Bob’s story is rounded out by comments from George Heufelder, the director of the Barnstable County Department of Health and the Environment, on the public health risk of septic systems and sewer lines that are too close to groundwater. Laurel Schaider, a research scientist with the Silent Spring Institute, talks about her study of pharmaceuticals and other unregulated contaminants in wastewater, and how they’re getting from septic systems and into drinking water.
APCC Director Ed DeWitt, follows up with a call to action: we need to stem the rising tides by reducing our carbon footprint, and mitigating its inevitable effects of sea level rise by protecting our vulnerable coastline.
Who Will Tell the People is a passionate, eye-opening challenge to American democracy. Here is a tough-minded exploration of why we’re in trouble, starting with the basic issues of who gets heard, who gets ignored, and why. Greider shows us the realities of power in Washington today, uncovering the hidden relationships that link politicians with corporations and the rich, and that subvert the needs of ordinary citizens.
How do we put meaning back into public life? Greider shares the stories of some citizens who have managed to crack Washington’s “Grand Bazaar” of influence peddling as he reveals the structures designed to thwart them. Without naiveté or cynicism, Greider shows us how the system can still be made to work for the people, and delineates the lines of battle in the struggle to save democracy. By showing us the reality of how the political decisions that shape our lives are made, William Greider explains how we can begin to take control once more.
Published on Feb 26, 2018
https://democracynow.org – This week marks six months since Hurricane Harvey caused historic flooding in Houston, Texas, the most diverse city in the nation and one of its largest. Houston is also home to the largest refining and petrochemical complex in the country. As federal money for rebuilding trickles in, Houston’s chief “recovery czar” is the president of Shell Oil, Marvin Odum, whose past experience includes rebuilding Shell’s oil and gas facilities after Hurricane Katrina. Meanwhile, immigrants and fenceline communities who suffer from pollution along Houston’s industrial corridor are still largely absent from much of the discussion about how the city plans to recover. For more, we host a roundtable discussion with Dr. Robert Bullard, the “father of environmental justice”; Bryan Parras of the Sierra Club; undocumented immigrant activist Cesar Espinosa; and Goldman Environmental Prize winner Hilton Kelley in Port Arthur, Texas.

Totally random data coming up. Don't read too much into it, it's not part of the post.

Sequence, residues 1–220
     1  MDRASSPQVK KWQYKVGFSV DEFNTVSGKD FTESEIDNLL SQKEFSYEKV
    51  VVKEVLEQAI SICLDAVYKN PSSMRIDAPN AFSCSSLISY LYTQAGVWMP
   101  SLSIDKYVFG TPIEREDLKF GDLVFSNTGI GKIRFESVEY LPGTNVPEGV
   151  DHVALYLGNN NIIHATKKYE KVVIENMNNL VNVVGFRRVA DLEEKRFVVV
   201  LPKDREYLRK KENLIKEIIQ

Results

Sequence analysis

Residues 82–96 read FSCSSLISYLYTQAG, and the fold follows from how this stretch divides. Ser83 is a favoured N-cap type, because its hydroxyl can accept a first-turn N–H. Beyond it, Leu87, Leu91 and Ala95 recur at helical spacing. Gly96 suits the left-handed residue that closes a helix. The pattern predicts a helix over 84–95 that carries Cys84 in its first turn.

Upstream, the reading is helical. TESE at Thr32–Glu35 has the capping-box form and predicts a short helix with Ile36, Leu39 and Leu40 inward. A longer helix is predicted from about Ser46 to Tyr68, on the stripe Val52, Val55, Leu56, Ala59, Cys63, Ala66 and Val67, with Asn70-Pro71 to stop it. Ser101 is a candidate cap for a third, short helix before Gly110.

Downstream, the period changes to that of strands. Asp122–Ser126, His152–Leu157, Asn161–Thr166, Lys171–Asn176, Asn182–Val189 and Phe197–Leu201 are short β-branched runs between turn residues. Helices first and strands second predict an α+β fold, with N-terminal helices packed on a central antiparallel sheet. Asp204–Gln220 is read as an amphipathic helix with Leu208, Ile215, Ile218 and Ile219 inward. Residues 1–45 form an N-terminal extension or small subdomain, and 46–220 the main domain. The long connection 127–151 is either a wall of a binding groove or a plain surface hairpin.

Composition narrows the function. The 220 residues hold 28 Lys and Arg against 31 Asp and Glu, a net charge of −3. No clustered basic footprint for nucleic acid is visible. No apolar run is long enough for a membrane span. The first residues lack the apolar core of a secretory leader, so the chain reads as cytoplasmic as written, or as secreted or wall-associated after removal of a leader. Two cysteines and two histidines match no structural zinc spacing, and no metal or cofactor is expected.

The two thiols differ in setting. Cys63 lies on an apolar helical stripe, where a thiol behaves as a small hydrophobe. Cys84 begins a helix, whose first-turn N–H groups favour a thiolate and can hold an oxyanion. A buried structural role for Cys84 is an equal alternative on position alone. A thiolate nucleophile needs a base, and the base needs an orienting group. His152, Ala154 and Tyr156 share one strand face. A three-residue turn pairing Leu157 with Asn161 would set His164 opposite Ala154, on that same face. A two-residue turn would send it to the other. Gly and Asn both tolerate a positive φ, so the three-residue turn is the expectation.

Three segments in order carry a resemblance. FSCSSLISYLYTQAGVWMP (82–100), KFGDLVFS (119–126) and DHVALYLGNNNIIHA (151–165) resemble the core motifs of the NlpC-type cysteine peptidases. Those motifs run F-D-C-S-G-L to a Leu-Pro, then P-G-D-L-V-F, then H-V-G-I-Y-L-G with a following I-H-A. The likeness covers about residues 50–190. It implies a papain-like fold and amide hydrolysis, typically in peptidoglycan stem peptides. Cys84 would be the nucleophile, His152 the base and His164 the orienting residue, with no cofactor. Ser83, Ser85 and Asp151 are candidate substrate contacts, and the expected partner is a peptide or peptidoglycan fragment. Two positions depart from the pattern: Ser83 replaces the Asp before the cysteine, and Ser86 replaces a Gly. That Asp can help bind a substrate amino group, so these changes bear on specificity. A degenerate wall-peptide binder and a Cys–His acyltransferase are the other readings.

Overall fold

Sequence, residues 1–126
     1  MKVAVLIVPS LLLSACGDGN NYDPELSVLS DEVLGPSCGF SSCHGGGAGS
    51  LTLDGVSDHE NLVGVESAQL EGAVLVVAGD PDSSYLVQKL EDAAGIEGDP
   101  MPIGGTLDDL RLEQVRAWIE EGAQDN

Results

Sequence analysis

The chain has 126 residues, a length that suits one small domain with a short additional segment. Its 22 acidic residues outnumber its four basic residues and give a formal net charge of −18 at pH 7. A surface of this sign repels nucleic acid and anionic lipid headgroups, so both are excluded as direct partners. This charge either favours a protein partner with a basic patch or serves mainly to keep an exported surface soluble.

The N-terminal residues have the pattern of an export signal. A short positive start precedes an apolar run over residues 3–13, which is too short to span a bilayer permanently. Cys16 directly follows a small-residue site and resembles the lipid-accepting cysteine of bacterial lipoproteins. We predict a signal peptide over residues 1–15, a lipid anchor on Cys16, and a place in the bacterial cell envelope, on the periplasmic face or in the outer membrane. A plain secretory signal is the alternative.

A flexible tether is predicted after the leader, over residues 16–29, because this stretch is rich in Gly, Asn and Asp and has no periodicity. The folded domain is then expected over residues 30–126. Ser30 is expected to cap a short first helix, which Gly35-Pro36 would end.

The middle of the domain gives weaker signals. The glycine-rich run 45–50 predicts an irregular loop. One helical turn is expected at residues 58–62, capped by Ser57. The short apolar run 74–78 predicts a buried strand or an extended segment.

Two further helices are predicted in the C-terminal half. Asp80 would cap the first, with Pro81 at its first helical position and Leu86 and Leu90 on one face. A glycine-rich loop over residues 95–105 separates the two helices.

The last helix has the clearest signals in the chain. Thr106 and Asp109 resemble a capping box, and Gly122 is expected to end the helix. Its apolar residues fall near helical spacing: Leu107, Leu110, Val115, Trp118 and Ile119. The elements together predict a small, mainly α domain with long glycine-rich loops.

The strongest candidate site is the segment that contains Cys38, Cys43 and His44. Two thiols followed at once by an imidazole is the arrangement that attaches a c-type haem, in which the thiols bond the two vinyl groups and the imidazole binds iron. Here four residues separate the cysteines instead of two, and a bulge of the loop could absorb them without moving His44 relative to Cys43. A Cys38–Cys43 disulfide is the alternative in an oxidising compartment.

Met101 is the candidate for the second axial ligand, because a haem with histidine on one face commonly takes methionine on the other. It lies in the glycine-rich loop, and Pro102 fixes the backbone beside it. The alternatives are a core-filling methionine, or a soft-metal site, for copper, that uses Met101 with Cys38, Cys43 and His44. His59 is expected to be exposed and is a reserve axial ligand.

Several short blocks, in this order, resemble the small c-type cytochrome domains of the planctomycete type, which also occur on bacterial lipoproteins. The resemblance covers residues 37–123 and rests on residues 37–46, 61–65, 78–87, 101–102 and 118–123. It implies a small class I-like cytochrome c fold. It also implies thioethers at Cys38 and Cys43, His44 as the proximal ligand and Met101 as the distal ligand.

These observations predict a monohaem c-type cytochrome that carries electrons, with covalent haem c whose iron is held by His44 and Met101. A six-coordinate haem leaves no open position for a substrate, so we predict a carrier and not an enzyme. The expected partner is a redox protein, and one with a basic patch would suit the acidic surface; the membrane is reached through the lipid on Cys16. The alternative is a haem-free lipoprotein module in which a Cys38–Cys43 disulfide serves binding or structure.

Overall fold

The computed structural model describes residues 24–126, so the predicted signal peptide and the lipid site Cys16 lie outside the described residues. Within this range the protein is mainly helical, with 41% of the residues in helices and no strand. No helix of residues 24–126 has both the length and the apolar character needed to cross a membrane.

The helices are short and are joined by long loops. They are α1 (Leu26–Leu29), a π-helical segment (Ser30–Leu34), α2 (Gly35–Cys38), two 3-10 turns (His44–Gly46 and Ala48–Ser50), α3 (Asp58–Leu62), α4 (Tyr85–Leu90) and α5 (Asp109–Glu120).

The fossil fuel lobby preached its gospel in Virginia. Now, black churches are fighting back.
By Kenya Downs on Mar 14, 2018
Rev. Paul Wilson fastens enough buttons on his jacket to stay warm on a chilly fall afternoon but still keep his clergy collar visible. He’s whipping up a crowd of demonstrators in downtown Richmond, Virginia, where they’re waiting to make a short march from Richmond’s Capitol Square Bell Tower to the nearby National Theatre. His eyes covered by sunglasses, and his head by a newsboy hat, Wilson speaks to the assembled about their Christian responsibility to protect the planet.
They’ve gathered for the Water Is Life Rally & Concert, an event to protest the proposed construction of the Atlantic Coast Pipeline. The development, a joint venture between several energy companies (including Richmond-based Dominion Energy), would carry natural gas 600 miles from West Virginia to North Carolina.
The pipeline’s proposed route runs directly between Union Hill and Union Grove Baptist churches, the two parishes where Wilson serves as pastor in rural Buckingham County, 70 miles south of Richmond. The proposed site for the pipeline’s 54,000-horsepower, gas-fired compressor station is also set to be built right between them.